The Grand Chamber of the Supreme Court of Ukraine has sent the dispute over the Corvalolum well-known brand to the court of lowest instance for repeated hearing and partially satisfied cassation claims of the Economic Development and Trade Ministry of Ukraine and PJSC Farmak, annulling the ruling of the appeal court and the ruling of the court of lower instance.
Earlier, the Kyiv business court of appeals under the counterclaim of PrJSC Darnitsa Pharmaceutical Firm revoked the decision of the Appeals Chamber of the Ministry of Economic Development and Trade recognizing the designation Corvalolum as well-known.
“PJSC Farmak stands for civilized competition and for many years it has been defending its rights to the Corvalolum well-known brand. We defend our right only to the brand designation,” Farmak Legal Director Dmytro Taranchuk said.
He said that “the medicine itself and its components are not protected by a patent, and it is not protected in Ukraine from the point of view of intellectual property.”
“A similar medicine can be produced by any manufacturer who will prove its quality and effectiveness and undergo all the required licensing procedures. But under a different name, under its own brand,” the lawyer said.
National Energy Company Ukrenergo has signed a contract with Lalive S.A. (Switzerland) to present the interests of the company in a case on compensation of losses due to annexation of Crimea by Russia. According to a company report in the ProZorro e-procurement system, the contract on the provision of legal services worth EUR 1.537 million (or UAH 49.9 million without VAT) was signed on February 6, 2019.
Covington & Burling, Hughes Hubbard & Reed, and Quinn Emanuel Urquhart & Sullivan UK also took part in the tender.
Lalive will provide Ukrenergo with the services of preparing and sending a notice of arbitration to the dispute, determining the nomination of arbitrators and shaping the composition of international arbitration, drafting a claim and applying to arbitration, representing the interests of the company in arbitration tribunal and obtaining the award.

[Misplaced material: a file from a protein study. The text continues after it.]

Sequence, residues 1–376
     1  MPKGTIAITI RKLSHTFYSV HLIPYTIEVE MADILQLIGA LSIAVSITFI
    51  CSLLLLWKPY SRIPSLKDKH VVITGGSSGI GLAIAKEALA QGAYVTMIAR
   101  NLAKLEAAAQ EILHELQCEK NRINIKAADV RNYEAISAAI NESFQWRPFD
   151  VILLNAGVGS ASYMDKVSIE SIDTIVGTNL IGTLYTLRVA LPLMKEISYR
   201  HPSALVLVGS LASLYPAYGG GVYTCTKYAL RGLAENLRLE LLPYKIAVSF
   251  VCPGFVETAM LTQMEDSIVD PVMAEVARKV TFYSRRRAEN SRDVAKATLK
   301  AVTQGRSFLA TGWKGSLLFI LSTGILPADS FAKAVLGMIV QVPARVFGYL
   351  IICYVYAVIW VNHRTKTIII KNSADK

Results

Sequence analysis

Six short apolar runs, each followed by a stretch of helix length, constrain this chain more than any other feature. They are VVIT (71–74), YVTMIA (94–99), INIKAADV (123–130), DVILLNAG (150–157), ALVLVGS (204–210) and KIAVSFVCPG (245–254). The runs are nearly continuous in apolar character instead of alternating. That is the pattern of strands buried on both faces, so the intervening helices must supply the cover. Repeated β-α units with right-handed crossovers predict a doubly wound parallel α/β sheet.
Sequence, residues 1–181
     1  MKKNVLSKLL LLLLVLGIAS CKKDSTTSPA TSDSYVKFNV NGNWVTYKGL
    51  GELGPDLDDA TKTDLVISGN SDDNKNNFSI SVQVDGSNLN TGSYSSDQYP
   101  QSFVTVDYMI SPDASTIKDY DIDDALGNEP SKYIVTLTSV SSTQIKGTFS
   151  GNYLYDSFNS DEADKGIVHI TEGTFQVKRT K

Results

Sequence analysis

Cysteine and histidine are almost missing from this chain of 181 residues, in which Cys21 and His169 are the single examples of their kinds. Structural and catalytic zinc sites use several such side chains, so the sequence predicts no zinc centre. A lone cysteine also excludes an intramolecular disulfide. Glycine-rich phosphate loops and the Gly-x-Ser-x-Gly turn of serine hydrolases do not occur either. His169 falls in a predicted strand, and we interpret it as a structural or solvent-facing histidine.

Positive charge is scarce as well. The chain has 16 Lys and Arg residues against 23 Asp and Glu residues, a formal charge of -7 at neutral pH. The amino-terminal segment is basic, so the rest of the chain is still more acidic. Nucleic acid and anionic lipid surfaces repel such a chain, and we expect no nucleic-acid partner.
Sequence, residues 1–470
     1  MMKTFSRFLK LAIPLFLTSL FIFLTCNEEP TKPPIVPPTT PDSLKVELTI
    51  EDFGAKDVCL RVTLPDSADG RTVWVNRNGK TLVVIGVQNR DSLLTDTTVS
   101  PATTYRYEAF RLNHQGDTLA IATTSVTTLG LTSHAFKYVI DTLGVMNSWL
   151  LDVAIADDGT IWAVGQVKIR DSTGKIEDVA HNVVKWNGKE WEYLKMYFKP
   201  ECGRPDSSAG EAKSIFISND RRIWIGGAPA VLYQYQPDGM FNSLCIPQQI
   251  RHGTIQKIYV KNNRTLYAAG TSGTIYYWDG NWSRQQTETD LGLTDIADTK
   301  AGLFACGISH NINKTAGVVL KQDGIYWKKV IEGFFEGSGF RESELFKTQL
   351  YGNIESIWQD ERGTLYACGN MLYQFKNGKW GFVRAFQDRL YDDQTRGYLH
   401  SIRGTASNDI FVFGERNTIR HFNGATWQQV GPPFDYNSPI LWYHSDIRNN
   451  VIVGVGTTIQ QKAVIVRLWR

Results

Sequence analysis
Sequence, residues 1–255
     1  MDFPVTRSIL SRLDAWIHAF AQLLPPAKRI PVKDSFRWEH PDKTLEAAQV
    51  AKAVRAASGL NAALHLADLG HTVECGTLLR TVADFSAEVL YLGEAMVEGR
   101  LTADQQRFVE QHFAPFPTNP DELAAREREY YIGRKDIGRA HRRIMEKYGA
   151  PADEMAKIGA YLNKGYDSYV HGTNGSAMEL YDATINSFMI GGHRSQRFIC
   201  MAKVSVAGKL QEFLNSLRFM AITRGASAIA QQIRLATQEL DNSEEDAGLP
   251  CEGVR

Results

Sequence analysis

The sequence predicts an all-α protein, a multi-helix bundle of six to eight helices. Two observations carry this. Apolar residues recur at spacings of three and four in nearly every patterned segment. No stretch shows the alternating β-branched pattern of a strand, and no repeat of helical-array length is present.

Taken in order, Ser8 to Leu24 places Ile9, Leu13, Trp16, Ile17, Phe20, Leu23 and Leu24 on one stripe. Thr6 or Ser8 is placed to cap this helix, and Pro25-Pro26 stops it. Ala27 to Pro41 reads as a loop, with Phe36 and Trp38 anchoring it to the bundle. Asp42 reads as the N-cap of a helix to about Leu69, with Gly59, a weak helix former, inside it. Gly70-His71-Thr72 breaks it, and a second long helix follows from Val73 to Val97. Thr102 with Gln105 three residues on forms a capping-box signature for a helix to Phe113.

As reported, Lalive represented the interests of the following companies in disputes against the Russian Federation regarding lost investments: Ukrnafta, Stabil, and Yukos Capital.
In April 2018 Ukrenergo officially notified the Russian Federation about the start of an investment dispute over the company’s assets seized in Crimea. According to estimates by Ukrenergo, only the cost of the company’s power grids in the peninsula is about $1 billion.
Ukrenergo operates trunk and interstate transmission lines, as well as centralized dispatching of the country’s integrated power grids. It is a state-owned enterprise, which was managed by Ukraine’s Energy and Coal Industry Ministry.
The UK’s Court of Appeal, which is considering the Russian-Ukrainian dispute over $3 billion in eurobonds issued by Kyiv, has decided to study the Ukrainian side’s argument that eurobonds were issued under pressure from the creditor, in this case Russia, the Russian Finance Ministry said in a statement, indicating that Law Debentures Trust will appeal to the Supreme Court regarding this argument on behalf of the Finance Ministry.
“Today, the UK’s Court of Appeal rendered a verdict on Ukraine’s appeal of the London High Court ruling obligating Ukraine to redeem its debt and pay interest on a bond issue acquired by Russia with funds from the National Wealth Fund. The Court of Appeal confirmed the lawfulness of the refusal to grant Ukraine consideration of three of the four arguments stated in order to avoid meeting its obligations with respect to these eurobonds,” the statement said.